|Publication number||US3345166 A|
|Publication date||Oct 3, 1967|
|Filing date||Mar 9, 1961|
|Priority date||Mar 9, 1961|
|Publication number||US 3345166 A, US 3345166A, US-A-3345166, US3345166 A, US3345166A|
|Inventors||Land Edwin H, Morse Meroe M, Yankowski Elizabeth L|
|Original Assignee||Polaroid Corp|
|Export Citation||BiBTeX, EndNote, RefMan|
|Patent Citations (13), Referenced by (9), Classifications (10)|
|External Links: USPTO, USPTO Assignment, Espacenet|
United States Patent 3,345,166 PHOTOGRAPHIC PRGCESS WHEREBY A FUL- LY DEVELOPED AND FIXED NEGATIVE IS FORMED CONCURRENTLY WITH A POSI- TIVE SILVER TRANSFER IMAGE Edwin H. Land, Cambridge, Meme M. Morse, Boston,
and Elizabeth L. Yankowski, Watertown, Mass., assignors to Polaroid Corporation, Cambridge, Mass., a corporation of Delaware No Drawing. Filed Mar. 9, 1961, Ser. No. 94,451 3 Claims. (CI. 96-29) This invention is related to diffusion transfer photography, and more particularly to forming fully developed and fixed negatives concurrently with the formation of a positive silver transfer image. 7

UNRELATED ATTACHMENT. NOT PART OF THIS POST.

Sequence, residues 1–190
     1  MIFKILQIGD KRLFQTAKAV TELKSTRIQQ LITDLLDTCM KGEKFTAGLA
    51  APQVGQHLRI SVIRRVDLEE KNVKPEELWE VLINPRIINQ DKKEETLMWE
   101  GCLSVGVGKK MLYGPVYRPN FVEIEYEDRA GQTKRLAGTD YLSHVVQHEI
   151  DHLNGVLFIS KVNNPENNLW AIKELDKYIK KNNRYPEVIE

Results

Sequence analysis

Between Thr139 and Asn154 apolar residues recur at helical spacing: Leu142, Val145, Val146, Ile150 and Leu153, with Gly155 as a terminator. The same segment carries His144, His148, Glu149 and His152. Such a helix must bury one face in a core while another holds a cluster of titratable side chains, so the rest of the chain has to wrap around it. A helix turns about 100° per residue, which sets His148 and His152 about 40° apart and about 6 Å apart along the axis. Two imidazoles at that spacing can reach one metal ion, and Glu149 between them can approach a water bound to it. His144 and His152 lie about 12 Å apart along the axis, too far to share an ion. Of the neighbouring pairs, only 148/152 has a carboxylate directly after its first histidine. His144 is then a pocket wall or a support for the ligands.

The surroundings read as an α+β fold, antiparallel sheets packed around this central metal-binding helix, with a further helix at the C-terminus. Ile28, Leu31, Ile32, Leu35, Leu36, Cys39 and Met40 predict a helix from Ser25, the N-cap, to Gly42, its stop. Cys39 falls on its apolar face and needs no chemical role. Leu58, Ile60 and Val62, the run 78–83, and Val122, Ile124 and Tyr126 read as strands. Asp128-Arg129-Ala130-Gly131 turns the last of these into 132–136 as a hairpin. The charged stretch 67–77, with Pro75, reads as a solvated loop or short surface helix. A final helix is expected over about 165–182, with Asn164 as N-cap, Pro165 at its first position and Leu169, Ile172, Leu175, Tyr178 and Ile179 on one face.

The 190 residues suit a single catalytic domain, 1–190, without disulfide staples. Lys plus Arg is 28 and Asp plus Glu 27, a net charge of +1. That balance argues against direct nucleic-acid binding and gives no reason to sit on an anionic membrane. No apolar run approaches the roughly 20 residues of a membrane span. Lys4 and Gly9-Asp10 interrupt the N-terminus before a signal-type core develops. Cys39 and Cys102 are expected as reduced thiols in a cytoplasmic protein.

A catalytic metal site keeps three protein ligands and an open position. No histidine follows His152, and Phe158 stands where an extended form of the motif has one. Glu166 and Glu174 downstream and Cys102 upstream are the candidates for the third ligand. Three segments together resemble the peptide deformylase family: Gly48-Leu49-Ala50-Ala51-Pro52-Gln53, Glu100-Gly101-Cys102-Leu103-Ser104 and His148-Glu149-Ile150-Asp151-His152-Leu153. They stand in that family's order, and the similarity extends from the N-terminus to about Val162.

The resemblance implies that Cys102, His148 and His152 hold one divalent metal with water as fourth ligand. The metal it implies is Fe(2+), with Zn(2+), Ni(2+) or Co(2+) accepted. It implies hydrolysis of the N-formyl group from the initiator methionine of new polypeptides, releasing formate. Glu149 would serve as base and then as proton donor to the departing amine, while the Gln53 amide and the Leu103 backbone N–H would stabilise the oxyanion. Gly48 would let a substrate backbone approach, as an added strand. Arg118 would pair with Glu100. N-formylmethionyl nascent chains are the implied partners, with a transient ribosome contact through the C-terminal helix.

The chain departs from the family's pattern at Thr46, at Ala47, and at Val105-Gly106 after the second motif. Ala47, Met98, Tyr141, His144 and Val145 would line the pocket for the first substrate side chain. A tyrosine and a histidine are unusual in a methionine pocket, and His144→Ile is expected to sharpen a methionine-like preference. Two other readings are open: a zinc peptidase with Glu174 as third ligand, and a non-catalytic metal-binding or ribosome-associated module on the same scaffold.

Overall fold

The formation of silver transfer images by procedures wherein a sheet containing a photosensitive material is processed while in superposed relationship with a second sheet, the two sheets being wetted by a processing liquid preferably present in a thin layer between the two sheets, is now well known. While the positive silver transfer image exhibits full density when separated from the photosensitive sheet at the end of the imbibition period, examination of the processed photosensitive layer shows that the negative image has been developed only to a relatively low density within this time. The covering power of the silver forming the positive image formed according to these processes may be very high-on the order of five times that of the silver in the negative (One- Step Photography, Edwin H. Land, The Photographic Journal, Section A, pp. 7-15, January 1950).
It has been noted, e.g., in US. Patent No. 2,543,181 issued to Edwin H. Land on Feb. 27, 1951, that the abovedescribed processing procedure could be employed to simply develop the negative image Without forming any transfer image, by omitting the substances for forming the soluble silver complex. Alternatively, an already developed negative could be fixed out by these techniques if the silver halide developing agents were omitted and more of the silver complex forming reagent employed.